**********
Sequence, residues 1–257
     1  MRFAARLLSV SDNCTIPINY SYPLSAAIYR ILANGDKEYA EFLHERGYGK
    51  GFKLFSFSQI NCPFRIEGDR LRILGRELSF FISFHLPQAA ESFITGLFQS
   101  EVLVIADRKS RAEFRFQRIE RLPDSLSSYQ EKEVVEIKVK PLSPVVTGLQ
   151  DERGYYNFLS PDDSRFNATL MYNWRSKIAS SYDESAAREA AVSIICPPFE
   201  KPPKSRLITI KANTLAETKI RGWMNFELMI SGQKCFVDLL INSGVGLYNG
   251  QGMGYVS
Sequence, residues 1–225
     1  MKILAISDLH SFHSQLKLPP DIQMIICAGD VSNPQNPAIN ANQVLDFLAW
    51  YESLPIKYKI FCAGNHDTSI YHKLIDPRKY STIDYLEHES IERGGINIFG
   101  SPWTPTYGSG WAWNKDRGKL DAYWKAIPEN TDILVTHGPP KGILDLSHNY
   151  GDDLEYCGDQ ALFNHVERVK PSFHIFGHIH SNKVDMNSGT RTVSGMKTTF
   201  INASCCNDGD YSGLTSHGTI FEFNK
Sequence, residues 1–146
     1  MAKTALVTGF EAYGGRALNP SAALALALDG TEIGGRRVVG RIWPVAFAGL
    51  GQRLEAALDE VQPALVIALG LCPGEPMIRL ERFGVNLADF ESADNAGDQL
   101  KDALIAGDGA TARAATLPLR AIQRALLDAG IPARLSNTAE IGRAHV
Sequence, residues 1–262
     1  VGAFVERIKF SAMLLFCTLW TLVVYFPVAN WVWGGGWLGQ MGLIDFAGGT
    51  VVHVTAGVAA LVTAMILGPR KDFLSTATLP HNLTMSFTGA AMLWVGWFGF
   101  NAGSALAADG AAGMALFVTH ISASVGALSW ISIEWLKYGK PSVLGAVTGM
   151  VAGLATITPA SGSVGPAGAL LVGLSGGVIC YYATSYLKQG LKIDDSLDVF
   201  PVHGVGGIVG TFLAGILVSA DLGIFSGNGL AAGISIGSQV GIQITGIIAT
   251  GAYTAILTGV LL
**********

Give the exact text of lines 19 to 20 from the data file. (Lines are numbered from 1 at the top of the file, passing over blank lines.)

     1  VGAFVERIKF SAMLLFCTLW TLVVYFPVAN WVWGGGWLGQ MGLIDFAGGT
    51  VVHVTAGVAA LVTAMILGPR KDFLSTATLP HNLTMSFTGA AMLWVGWFGF